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  1. #1
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    My wrist is really bothering me.

    My wrist is really bothering me. I am not blaming it on biking although my wrists do fatigue a little after an hour ride. I ride arms locked position but I am not at all comfortable with bent elbows. I read that the seat should be as high as the handlebars and my seat is much higher than my handlebars. I am about 6'4" and I can not raise my handlebars on my mountainbike. I tape and fold a lot of boxes in the packaging department so I use my wrists there a lot too. I do not do any heavy lifting.

  2. #2
    The Site Administrator: Currently at home recovering from a couple of strokes,please contact my assistnt admins for forum issues Tom Stormcrowe's Avatar
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    You have a bike fit issue. You need to raise that stem up to level with the saddle with a different angle stem, if nothing else. What kind of Mountain bike are you riding? What size, etc. As of now, you're putting too much pressure on your hands/wrists.
    on light duty due to illness; please contact my assistants for forum issues. They are Siu Blue Wind, or CbadRider or the other 3 star folk. I am currently at home recovering from a couple of strokes. I am making good progress, happily.


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  3. #3
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    Quote Originally Posted by Tom Stormcrowe View Post
    You have a bike fit issue. You need to raise that stem up to level with the saddle with a different angle stem, if nothing else. What kind of Mountain bike are you riding? What size, etc. As of now, you're putting too much pressure on your hands/wrists.
    It is a 21" Trek 3700 MTB.The stem can have an angle straight up and handlebar still wont be level with the seat.

    If I knew then what I know now, I would still not know what I should have bought lol. I read a lot from sheldon brown as to raising the seat all the way so that my legs can fully extend without me bobbing left to right with each pedal. But when I dismount there is not to much crotch clearance. I am not hitting, but there isn't a lot of space left. My LBS originally sold me a 19.5" and I exchanged it for a larger 21" bike after showing them Trek's general sizing guide.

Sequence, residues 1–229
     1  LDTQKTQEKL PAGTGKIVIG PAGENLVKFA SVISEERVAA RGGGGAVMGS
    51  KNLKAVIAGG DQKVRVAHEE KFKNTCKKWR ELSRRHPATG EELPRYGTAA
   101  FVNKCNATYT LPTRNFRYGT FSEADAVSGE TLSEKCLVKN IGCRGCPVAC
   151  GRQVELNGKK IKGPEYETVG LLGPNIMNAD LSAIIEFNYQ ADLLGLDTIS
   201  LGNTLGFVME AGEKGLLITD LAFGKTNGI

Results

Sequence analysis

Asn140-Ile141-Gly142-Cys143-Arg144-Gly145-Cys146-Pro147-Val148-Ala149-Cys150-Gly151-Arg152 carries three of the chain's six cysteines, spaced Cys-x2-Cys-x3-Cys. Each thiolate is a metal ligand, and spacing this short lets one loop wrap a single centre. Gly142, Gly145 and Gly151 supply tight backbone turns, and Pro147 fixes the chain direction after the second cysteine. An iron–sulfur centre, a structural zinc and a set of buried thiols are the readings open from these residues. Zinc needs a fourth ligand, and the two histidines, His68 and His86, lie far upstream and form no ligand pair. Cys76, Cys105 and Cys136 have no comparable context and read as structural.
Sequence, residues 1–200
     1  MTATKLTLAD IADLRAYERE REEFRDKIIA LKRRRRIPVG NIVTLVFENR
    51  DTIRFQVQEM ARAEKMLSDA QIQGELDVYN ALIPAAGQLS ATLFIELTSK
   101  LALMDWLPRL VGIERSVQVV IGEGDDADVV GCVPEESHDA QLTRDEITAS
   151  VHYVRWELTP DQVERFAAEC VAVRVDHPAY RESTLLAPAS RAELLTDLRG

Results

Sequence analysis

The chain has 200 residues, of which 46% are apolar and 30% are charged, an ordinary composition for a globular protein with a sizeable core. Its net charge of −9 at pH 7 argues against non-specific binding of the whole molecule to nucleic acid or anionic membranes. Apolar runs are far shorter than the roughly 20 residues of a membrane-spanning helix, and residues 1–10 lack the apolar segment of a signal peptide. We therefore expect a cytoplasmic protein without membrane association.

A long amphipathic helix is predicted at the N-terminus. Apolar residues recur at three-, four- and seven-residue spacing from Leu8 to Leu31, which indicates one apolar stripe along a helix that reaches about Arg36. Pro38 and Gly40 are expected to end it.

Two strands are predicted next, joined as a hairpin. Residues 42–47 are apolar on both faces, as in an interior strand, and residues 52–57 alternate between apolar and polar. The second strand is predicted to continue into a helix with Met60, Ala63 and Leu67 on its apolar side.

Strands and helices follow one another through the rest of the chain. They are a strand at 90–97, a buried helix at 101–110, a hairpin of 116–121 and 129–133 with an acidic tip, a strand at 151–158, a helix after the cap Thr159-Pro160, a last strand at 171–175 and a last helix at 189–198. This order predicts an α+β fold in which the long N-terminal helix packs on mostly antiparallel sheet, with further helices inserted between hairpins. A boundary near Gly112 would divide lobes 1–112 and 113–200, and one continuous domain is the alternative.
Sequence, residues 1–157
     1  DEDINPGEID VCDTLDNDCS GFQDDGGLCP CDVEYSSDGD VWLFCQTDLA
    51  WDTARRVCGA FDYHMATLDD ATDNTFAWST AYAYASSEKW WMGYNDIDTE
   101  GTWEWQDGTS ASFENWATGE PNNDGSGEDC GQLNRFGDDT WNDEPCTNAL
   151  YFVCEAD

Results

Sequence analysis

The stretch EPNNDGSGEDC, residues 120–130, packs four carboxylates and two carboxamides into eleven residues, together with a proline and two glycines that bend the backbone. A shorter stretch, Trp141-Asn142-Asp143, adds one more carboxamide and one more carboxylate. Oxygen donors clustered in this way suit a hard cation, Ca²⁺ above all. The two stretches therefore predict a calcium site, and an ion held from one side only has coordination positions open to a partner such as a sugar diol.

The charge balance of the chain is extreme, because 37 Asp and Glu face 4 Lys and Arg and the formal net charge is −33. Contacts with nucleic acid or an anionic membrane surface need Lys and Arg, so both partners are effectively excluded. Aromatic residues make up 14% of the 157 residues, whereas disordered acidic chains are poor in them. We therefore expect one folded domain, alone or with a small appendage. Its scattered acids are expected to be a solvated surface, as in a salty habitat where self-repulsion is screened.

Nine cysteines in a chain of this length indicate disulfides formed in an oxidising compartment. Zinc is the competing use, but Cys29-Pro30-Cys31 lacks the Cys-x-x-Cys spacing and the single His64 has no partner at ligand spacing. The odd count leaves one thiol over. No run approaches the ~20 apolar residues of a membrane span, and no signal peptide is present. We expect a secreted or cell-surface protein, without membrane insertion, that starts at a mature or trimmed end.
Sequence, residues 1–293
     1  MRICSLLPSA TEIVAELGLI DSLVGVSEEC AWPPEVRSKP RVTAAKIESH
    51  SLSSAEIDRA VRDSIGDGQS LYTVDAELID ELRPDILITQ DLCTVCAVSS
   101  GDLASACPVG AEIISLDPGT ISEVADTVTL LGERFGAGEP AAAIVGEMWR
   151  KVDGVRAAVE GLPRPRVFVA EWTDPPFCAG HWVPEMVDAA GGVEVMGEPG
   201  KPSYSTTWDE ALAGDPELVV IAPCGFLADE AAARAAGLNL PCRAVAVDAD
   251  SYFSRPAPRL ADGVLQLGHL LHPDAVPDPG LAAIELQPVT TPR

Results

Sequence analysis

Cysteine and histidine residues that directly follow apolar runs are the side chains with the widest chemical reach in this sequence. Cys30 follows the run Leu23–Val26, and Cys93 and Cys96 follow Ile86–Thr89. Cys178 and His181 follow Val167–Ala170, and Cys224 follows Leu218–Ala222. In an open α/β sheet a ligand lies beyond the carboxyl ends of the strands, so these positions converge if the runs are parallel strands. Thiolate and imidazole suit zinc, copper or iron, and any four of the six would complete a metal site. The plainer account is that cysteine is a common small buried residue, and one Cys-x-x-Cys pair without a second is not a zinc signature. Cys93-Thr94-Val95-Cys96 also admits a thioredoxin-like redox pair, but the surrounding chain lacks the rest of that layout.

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    Senior Member late's Avatar
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    It's too small.
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  5. #5
    Mr. Frowny Man Alathea's Avatar
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    Ive always wondered what was up with seat height. I see a lot of MTBs around town with the kids/person either way down in the saddle and legs bent while peddling, or at the U dairy store today I saw a parked one with the seat post something like 3-4 inches above the neck of the front flat bars. Is that a 'they got the wrong size' issue or are there people that find that comfortable? Some MTB pics ive seen in magazines look set up that way too....im curious, I guess.
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  6. #6
    Senior Member Wogster's Avatar
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    Quote Originally Posted by Alathea View Post
    Ive always wondered what was up with seat height. I see a lot of MTBs around town with the kids/person either way down in the saddle and legs bent while peddling, or at the U dairy store today I saw a parked one with the seat post something like 3-4 inches above the neck of the front flat bars. Is that a 'they got the wrong size' issue or are there people that find that comfortable? Some MTB pics ive seen in magazines look set up that way too....im curious, I guess.
    Sizing on MTB's is kinda weird, and I think a lot of people have too small bikes, the other issue, is that while it's easy to change the saddle height, with threadless headsets it's almost impossible to raise the bars. You can replace the fork, or you can get an extender, but neither of these resolves the basic design flaw in threadless headsets. Of course dealers who spent many years dealing with road-racing bikes that had saddles considerably higher then the bars, simply cut the steerer as short as possible on MTB's, resulting in this situation you noticed.

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    Quote Originally Posted by Alathea View Post
    Ive always wondered what was up with seat height. I see a lot of MTBs around town with the kids/person either way down in the saddle and legs bent while peddling, or at the U dairy store today I saw a parked one with the seat post something like 3-4 inches above the neck of the front flat bars. Is that a 'they got the wrong size' issue or are there people that find that comfortable? Some MTB pics ive seen in magazines look set up that way too....im curious, I guess.
    I think my saddle is 6" higher than the handlebars. Could be more.

    Would a trek FX 7.3 solve the problem? Or does any bike manufacturer have models similar to the trek 7.3? A lot of people here really like specialized. I have to ride somewhat upright due to acid reflux/hiatel hernia. Multiple hand positions would be really nice, but not at the expense acid reflux.

    I am wearing a weight lifting glove with wrist support on my right hand right now, I think I am going to the doctor this week. My problem hasn't got any better since friday, and today is sunday. I don't think it is the bike alone, but my wrists to hurt a little by the time I get back.